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~~~~~~~ Upstairs ~~~~~~~

The End of the Tour

6:30 & 8:30 each evening
Ends Thursday, September 3

Rated R; 105 minutes


Kate Erbland, Film School Rejects (excerpted)

Based on David Lipsky’s memoir, Although Of Course You End Up Being Yourself and beautifully translated to the screen, The End of the Tour opens with David Foster Wallace’s death, announced to Lipsky (Jesse Eisenberg) in the most impersonal ways imaginable: with a phone call, and then a Google search.

Twelve years earlier, Lipsky went out on the road with Wallace (Jason Segel) for a Rolling Stone article. At the time, Lipsky was a writer with two books and a promising gig at the magazine under his belt. Despite his own modest accomplishments, Lipsky couldn’t help but feel inferior to the newly launched star power of David Foster Wallace, whose Infinite Jest riveted the literary world just as Lipsky’s latest all but whimpered through it. Lipsky’s admiration and fear of Wallace were not unique to him or to other writers of his generation, but his reaction was – instead of running from Wallace, he embraced him, pitching a long-form profile of the writer to Rolling Stone and ultimately going out on the road with Wallace for the final five days of his latest book tour.

Wallace, notoriously reticent for attention, approved the interview, and Director James Ponsoldt’s unexpectedly moving and richly rewarding film follows the duo as they make their way around the final leg of the tour, as Lipsky attempts to turn what is essentially one long-running conversation into some kind of journalistic endeavor. Segel, in an unabashed star turn and major pronouncement of his dramatic talents, effectively translates Wallace’s written personality to the big screen, first through sardonic wit, eventually through sharply drawn pain and biting honesty. Segel isn’t doing some kind of aping impersonation here (though he nails Wallace’s cadences and speech patterns in ways that are almost eerie), he simply embodies the role. It’s not mimicry, it’s impression, and the impression is a lasting one.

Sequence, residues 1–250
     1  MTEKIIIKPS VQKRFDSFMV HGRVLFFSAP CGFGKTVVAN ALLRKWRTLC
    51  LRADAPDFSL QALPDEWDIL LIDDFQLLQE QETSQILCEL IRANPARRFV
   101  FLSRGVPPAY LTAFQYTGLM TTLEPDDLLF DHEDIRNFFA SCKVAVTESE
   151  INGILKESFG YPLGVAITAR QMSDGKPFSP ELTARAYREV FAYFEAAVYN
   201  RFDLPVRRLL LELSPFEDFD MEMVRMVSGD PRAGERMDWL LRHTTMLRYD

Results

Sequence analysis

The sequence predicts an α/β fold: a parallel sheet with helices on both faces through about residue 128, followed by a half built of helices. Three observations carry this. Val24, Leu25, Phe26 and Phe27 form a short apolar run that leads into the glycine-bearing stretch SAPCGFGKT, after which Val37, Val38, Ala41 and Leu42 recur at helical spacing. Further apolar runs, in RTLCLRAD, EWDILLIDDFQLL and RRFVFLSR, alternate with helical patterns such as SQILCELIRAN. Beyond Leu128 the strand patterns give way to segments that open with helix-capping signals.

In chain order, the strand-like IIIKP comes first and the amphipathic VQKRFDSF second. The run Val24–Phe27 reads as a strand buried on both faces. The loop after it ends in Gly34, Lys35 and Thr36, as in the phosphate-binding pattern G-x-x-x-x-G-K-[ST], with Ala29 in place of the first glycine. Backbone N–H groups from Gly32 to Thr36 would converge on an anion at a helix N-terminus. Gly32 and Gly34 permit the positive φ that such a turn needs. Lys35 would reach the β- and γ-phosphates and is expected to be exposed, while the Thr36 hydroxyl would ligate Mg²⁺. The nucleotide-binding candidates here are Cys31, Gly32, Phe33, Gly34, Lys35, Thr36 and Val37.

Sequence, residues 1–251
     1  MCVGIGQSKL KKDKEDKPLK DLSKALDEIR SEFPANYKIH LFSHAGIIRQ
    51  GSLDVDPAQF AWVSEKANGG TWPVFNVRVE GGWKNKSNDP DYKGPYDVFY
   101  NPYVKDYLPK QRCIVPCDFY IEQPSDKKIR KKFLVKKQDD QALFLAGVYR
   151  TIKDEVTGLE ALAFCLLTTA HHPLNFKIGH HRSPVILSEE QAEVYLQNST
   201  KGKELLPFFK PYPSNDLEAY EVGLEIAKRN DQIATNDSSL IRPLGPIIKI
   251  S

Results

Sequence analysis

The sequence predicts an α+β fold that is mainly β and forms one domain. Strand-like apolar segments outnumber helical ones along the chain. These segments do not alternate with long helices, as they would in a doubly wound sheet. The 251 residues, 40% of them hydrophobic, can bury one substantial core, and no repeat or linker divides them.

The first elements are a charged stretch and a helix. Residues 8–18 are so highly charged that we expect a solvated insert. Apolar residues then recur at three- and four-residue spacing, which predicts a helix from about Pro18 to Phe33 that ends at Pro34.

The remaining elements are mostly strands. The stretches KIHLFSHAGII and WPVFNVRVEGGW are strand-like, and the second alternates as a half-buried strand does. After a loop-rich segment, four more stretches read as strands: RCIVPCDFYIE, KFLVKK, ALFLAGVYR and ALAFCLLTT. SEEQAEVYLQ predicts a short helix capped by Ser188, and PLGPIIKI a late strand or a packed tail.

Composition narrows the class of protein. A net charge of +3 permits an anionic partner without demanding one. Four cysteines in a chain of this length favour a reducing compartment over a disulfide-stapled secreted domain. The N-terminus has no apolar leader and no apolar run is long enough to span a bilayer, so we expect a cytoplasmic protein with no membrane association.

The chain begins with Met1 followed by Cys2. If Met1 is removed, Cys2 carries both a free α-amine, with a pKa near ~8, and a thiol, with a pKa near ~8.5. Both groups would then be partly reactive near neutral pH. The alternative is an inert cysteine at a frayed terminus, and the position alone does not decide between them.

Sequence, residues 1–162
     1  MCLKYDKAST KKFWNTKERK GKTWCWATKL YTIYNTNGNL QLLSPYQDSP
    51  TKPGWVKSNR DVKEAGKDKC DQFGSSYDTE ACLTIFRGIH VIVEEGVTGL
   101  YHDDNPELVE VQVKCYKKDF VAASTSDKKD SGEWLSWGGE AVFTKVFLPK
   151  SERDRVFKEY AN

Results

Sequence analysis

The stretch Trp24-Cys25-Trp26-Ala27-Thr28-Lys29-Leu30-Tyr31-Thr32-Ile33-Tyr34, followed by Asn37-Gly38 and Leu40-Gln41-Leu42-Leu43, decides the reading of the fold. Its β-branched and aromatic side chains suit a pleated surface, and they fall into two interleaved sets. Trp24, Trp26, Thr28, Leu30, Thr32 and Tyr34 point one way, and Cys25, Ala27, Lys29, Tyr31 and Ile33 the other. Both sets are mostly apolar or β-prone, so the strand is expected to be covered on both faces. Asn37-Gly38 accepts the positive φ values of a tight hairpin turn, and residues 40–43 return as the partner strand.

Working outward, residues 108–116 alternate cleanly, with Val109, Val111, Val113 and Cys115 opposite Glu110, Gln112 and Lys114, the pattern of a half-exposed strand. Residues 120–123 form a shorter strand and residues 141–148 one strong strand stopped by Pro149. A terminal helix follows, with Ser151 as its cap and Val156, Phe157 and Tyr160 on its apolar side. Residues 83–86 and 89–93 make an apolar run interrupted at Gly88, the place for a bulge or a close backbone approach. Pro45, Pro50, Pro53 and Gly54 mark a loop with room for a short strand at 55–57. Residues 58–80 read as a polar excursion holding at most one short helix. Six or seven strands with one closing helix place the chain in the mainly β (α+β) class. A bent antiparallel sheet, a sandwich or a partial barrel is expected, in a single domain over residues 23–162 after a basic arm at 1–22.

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Senior Members.......$7.50
Children ~ Under 12......$7.50
Matinees (all seats)......$7.50
VISA M/C Accepted
Checks payable to: “Savoy Theater”

~~~~~~~ Downstairs ~~~~~~~


6:00 & 8:15 each evening
Ends Thursday, September 3

Rated PG-13; 98 minutes
In English & German w/subtitles


A.A. Dowd, The Oninon A.V. Club (excerpted)

Glancing down into the rubble of a collapsed building, Nelly Lenz catches her own reflection in a shard of broken glass and is shocked to discover that she doesn’t recognize the stranger staring back at her. It’s 1945, and Nelly, a Jewish chanteuse emerging from the living hell of Auschwitz, has lost her career, her family, and now her very appearance to the Nazis. The surgeons warned that the disfigured visage they reconstructed—a word of multiple meanings in postwar Germany—might look as unfamiliar to her as the bombed-out Berlin she’s returned to. But there’s really no preparing someone for the shock of unraveling rolls of bandages, only to find someone new waiting underneath. “I don’t exist,” is about all this traumatized survivor can stammer on first glimpse.

That face, so foreign to the character wearing it, belongs in our reality to Nina Hoss, willowy star of the new new German cinema. Phoenix is the sixth film Hoss has made with director Christian Petzold—the others include Jerichow and Barbara—and it’s very much the culmination of their collaboration, rewarding the trust these two artists have placed in each other. Conflating personal and national identity in the aftermath of the war, this classically efficient psychodrama nods to movie history without slavishly imitating it. For what it sets out to accomplish, across a brisk 98 minutes, Petzold’s film feels perfectly judged. And it builds to an ending that’s just plain perfect.

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